What Lies Beneath: The Deep Geology of Prose
Elizabeth McKenzie on Writing About Her Geologist Mother
While writing my novel The Dog of the North, I found myself preoccupied with geology. One of the characters is based on my geologist mother, which led me to re-immerse myself in how she viewed the world. Her career included time with the USGS and the National Park Service as a Ranger Naturalist, and her interest in the formations that make up the earth had long spilled over into our lives.
We were often sent into the Grand Canyon to observe naked cross sections of geologic history, from the light gray Kaibab Limestone at the rim to the dark and glossy two-billion-year-old Vishnu Schist along the Colorado River below. We spent many days on trips in the southwest hunched over, scanning the ground for crinoids and petrified wood. When I was living in Vermont, she came to visit and spoke animatedly of the glacial drumlins she’d seen flying up the Hudson Valley. Her passion for the stories told by the land brought her eventually to Australia, where she immigrated and spent the rest of her life.
There, I recalled how she reacted to the landscapes in novels that weren’t ostensibly about geology—such as Voss by Patrick White, which tells the story of the doomed Leichhardt expedition in the Australian outback in the mid-nineteenth century—marking up pages with comments on the topography.
The Australian chapters in The Dog of the North arose from this personal history, and took me on a research junket to the Barkly karst formations in northwest Queensland. A few lessons on the earth’s substance and structure were soon in order. Mostly limestone, karst formations like these are found across the world, laid down by ancient seas, composed of shells, sand and calcium carbonate, rife with fossils. Brittle, permeable by water, the terrain in these regions is riddled with caves and underground pools. It’s prone to crumble and collapse—which suggested all sorts of narrative possibilities.
But symbolic possibilities also presented themselves. When limestone, a sedimentary rock, undergoes pressure and stress, the calcite in it crystallizes, and those crystals in its molecular structure interlock into a tight matrix. And thus the rock becomes something else entirely. It’s now metamorphic. Limestone becomes what we know as marble. Sandstone under these conditions becomes quartzite. Shale becomes slate. Harder substances, beautiful, enduring. Had my mother ever mentioned this? Maybe, but I guess I hadn’t been listening.
As I worked over my manuscript, roughing it up from every direction, the forces of the earth on my mind, I began to see a metaphor taking shape to do with the importance of subjecting our prose to metamorphic conditions if we are to write novels that become more than the sum of their parts. And that while we may believe we’ve reached our goal when we achieve “limestone,” in itself an accomplishment for a novel in progress, we should push on with all the resources at our disposal to transmute the work to the next, more luminous stage. To apply intense, unflinching pressure to every aspect of the work in progress, subject every participating component to the heat of judgment. Stress our base materials to such a degree that they move towards crystallization, towards marble.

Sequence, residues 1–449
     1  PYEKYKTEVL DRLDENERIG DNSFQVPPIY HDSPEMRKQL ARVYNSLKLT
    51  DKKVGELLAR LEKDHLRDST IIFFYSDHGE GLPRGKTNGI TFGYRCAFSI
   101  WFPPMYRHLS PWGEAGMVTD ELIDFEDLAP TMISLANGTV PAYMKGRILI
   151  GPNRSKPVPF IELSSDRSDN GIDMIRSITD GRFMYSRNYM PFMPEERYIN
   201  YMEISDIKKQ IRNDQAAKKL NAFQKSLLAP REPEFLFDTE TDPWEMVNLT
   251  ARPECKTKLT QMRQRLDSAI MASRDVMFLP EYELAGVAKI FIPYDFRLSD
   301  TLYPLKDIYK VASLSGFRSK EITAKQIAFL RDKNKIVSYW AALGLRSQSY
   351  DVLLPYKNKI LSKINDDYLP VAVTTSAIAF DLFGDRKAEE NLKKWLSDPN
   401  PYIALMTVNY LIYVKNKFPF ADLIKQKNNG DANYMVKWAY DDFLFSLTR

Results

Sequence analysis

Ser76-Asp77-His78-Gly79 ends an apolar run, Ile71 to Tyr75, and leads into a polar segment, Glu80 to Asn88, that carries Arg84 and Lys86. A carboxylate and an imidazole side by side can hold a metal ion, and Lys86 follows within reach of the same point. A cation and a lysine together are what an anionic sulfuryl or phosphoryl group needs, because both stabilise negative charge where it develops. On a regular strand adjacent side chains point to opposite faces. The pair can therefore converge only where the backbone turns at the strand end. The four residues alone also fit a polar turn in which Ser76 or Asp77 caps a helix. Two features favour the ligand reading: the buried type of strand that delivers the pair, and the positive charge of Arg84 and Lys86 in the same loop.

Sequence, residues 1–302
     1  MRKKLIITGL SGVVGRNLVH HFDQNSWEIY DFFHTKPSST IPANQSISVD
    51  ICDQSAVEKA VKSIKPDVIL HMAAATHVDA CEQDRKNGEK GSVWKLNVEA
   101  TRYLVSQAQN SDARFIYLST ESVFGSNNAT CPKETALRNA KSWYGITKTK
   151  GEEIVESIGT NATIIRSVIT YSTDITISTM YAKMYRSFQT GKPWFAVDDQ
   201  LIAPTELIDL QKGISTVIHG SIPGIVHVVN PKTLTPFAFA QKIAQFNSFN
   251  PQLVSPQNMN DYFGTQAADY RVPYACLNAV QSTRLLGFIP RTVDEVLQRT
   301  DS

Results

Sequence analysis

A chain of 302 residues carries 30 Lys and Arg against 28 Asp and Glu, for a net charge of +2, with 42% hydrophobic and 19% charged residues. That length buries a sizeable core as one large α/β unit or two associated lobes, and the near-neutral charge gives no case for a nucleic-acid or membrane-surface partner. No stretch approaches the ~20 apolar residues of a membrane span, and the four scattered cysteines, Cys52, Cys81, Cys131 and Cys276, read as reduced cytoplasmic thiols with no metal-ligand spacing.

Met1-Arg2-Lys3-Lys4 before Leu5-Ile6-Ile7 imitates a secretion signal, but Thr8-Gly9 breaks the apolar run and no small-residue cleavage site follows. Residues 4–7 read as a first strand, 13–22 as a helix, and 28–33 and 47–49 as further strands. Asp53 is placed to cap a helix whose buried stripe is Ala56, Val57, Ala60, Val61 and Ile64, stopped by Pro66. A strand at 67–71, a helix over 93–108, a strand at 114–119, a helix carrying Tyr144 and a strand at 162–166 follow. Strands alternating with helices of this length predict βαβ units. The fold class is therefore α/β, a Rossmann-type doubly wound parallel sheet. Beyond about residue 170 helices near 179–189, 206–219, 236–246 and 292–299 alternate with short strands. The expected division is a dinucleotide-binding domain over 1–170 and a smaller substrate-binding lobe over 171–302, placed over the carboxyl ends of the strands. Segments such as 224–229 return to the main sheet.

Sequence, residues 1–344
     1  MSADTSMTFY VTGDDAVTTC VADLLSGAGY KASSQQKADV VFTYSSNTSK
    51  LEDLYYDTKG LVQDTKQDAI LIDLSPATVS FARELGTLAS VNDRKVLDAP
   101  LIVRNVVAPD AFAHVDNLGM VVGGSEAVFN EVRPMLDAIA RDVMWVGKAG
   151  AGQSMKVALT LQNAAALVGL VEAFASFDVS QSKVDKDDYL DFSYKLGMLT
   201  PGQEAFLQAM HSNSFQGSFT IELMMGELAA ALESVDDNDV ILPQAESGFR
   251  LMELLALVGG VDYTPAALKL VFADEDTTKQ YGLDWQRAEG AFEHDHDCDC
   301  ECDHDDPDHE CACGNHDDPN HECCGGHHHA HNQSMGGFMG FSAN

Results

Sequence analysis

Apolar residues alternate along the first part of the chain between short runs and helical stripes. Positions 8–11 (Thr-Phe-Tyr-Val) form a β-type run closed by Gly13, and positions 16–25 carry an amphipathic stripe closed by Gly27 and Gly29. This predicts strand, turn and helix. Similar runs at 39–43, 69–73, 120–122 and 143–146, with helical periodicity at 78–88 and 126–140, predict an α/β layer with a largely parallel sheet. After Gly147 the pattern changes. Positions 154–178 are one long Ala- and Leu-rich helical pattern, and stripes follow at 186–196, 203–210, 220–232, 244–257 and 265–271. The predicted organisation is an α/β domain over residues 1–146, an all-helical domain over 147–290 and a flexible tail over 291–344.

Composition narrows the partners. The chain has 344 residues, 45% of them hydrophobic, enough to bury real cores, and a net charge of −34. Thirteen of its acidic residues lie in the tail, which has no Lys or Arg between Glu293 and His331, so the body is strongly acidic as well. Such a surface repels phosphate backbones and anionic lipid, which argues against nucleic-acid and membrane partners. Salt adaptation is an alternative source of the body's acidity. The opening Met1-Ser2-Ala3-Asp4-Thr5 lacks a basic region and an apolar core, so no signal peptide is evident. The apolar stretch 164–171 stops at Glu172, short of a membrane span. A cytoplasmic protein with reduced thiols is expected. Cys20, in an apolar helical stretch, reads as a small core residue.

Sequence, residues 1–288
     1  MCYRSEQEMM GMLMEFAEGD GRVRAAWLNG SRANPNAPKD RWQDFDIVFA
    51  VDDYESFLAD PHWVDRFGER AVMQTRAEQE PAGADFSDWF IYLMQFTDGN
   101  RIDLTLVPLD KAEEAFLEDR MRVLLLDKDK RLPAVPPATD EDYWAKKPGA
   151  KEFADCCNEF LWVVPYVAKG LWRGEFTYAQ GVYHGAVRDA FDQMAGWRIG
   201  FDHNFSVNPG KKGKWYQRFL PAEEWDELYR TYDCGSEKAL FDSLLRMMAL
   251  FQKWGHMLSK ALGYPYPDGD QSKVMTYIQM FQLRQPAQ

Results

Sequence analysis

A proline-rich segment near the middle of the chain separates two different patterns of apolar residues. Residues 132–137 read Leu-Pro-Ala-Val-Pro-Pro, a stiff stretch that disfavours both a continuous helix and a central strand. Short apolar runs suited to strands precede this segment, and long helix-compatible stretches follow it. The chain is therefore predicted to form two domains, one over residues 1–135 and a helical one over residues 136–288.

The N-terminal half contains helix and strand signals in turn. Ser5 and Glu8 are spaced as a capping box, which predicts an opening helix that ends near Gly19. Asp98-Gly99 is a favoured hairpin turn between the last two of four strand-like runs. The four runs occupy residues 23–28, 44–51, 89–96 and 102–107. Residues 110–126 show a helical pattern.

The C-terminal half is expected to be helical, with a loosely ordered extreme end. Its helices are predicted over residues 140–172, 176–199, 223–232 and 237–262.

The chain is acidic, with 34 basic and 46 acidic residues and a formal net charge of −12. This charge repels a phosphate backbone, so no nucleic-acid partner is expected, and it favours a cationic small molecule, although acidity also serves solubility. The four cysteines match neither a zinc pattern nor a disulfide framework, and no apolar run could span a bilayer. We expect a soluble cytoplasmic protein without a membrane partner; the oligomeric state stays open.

In other words, a process beyond what we think of as revision.
Everyone has their methods. I might start with appraisals at the word level. Which are empty, filler. This noun is too general. That verb is flat. Then move on to syntactics: this phrase here, not there. Then dynamics: This paragraph has no spring, no life. Have I told it slant, so that it topples inevitably into the next paragraph? Then tonal: Does it evoke anything—humor, sorrow, joy, darkness, light—or is it merely a slab of print? Then acoustical: Does it have rhythm, does it have music? Then content: What really happens in this sentence, this paragraph, this page, this chapter? And so on. I’ll read it aloud, or I’ll switch fonts and see it anew on the page. Leave no stone/word unturned.
And so at what point comes this hoped for metamorphosis? I think I know when it happens for me. It’s when I finally pick up the work and think, who wrote this? All of those bits and pieces and decisions became this? It’s like alchemy, almost magical.
I didn’t have much interest in geology when my mother was alive. I made fun of glacial drumlins. When she moved to Australia she left behind a storage locker that, years later, I had to empty out after she was gone. I’d expected to find household items deemed unworthy of shipping to the southern hemisphere, but no, the locker was filled with rocks.
They weren’t labeled, though some I recognized like old friends. Notable cobbles from riverbeds that had once been placed around our yard in LA (and are now in mine). Mineral specimens, fossils, canvas sacks of agates and geodes. I had no idea where they came from and since I couldn’t ask her, I understood that identifying them was up to me. Strangely, now all of a sudden I’m looking for the geological everywhere, even in metaphor. I want to know what lies beneath everything, and how it came to be.
The Dog of the North by Elizabeth McKenzie is available from Penguin Press, a division of Penguin Random House, LLC.